Posted in Musings

Speaking Latin

I attended Howardian High School in Cardiff from 1962 to 1969. It was a great school in many ways because it just caught the end of a very traditional style of schooling.  My mother was immensely proud when I passed the eleven plus examination and was given a place at this hallowed institution.

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Howardian High School was founded in 1885, in Howard Gardens, in central Cardiff. Hence the name – although at the time it was called the Howard Gardens School for Boys, and it did not come to be called “Howardian” until later. It was built at the height of Cardiff’s expansion, as the busy docks and other heavy industries drew migrant workers in. 
The school building was destroyed by ‘enemy action’, that is to say, explosive devices dropped by young German lads flying overhead in propeller-driven aeroplanes in 1941. A number of other buildings were blown up or burned down in what was at the time a heavy programme of bombing. Cardiff had massive dockyards, which played an important role in keeping the wheels of industry turning. Presumably the eighteen-year old kids in their Messerschmitts were aiming for the docks, and missed by a mile or two. So the solid school building was laid waste after only half a century.

The School as an entity survived and migrated to new premises. A new girls school had been almost finished just before the war started in 1939, on a green field site in a suburb called Penylan. In the reconstruction after the war, Howardian High School moved in. It was still a boys school at that time. Later, to accommodate the growing numbers of pupils, a typical 1050s building was erected on high ground nearby, in 1953. The boys moved into the new construction, and the girls eventually moved into what was then an old building – about fifteen years after they had originally planned.

In the 1980s, the local government decided that the falling numbers of pupils meant that the school was surplus to requirement. And it had large tracts of playing fields that would fetch a good price in the property market. So they took it. Smash and grab. They smashed the school to rubble, grabbed the land, and annihilated the institution of Howardian High School shortly after it had celebrated its hundredth year of existence.

The closure of such a great school is to Cardiff’s shame!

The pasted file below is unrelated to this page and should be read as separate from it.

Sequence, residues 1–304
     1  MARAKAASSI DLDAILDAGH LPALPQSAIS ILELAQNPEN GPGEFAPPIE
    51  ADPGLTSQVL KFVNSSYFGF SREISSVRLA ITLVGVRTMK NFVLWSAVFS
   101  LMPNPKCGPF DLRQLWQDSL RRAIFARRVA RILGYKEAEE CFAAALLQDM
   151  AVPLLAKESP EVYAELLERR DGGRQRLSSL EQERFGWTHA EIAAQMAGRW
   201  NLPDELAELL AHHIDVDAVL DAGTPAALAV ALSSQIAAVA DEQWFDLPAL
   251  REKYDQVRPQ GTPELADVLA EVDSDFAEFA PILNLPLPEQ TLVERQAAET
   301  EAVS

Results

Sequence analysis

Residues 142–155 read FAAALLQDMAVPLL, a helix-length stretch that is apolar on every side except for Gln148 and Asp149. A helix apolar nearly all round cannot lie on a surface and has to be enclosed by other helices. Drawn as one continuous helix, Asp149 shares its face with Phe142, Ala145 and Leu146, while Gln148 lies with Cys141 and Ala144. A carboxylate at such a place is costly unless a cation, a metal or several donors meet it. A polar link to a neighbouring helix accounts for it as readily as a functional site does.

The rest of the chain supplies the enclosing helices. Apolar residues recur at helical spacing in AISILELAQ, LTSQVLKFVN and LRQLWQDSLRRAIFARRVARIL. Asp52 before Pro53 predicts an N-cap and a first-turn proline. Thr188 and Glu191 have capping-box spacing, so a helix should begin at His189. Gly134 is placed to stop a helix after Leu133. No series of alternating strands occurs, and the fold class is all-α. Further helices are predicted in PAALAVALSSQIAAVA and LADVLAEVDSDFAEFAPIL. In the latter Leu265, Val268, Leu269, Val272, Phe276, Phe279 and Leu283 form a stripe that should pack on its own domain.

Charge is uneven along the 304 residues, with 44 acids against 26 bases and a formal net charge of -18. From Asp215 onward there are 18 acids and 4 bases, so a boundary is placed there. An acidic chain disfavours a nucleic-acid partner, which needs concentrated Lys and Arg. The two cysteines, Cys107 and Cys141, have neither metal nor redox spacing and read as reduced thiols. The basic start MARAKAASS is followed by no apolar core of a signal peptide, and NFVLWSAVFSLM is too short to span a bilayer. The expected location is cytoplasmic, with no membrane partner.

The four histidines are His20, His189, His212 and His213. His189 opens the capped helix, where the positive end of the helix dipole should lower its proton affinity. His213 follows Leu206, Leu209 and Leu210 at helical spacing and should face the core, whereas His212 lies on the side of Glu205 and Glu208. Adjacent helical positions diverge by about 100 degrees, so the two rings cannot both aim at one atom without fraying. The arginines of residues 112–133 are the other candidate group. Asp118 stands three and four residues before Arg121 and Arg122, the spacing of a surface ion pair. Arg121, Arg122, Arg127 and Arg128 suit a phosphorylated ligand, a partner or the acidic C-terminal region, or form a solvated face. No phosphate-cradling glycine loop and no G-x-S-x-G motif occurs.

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When I was there, the masters wore gowns; we stood up when a teacher walked into the room and took our outdoor shoes off when we arrived in school and wore plimsolls all day. Boys were regularly caned even for minor misdemeanors.

The Headteacher was a man called Archibald Sinclair and the deputy was Illtyd Lloyd, but we only ever knew him as ‘Slinky’. We feared him more than the devil himself. I am sure he was a lovely man and a great teacher, but we small boys were scared to death of the man whose room was on the balcony above the main entrance. It was outside his room that the canings took place.

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The school hall was adorned with shields from the great universities of our nation. Assemblies were conducted in the main hall, which had a huge organ with massive speakers built into the walls. We sang from a hymn book called ‘Hymns of the Kingdom’.

Howardian had a separate dining hall where we would eat lunch. The older boys would serve. Before we ate we would stand and recite a Latin grace. I learnt the words as a young eleven-year-old lad; but until today (10th January 2014) I had no idea what they meant!  It was though, a grace that I repeated countless times as a teacher – but never whilst preparing to eat.

If ever a child or children misbehaved or frustrated me in any way, I would close my eyes slowly, whilst breathing in deeply through my nose. At the same time I would raise my eyes and stare at the ceiling before uttering slowly and clearly…

Benedictus, Benedicat, per Jesum Christum Dominum Nostrum

Amen

The effect was always amazing.  It eased tensions and brought a smile from young and old alike.

I found out today whilst Googling that it as a Latin grace said prior to the meal at formal and celebratory dinners.

The meaning is loosely translated to:

“Blessed is He and may He bless this food through Jesus Christ our Lord”.

Apparently, the closing grace would be

Benedicto Benedicatur, per Jesum Christum Dominum Nostrum.

Amen

For a generation of children who were under my care, I am sure they always imagined I was calling on the Almighty to pour down fire and brimstone upon them. Sorry kids – but we had fun!

The truth is out!

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Happy days.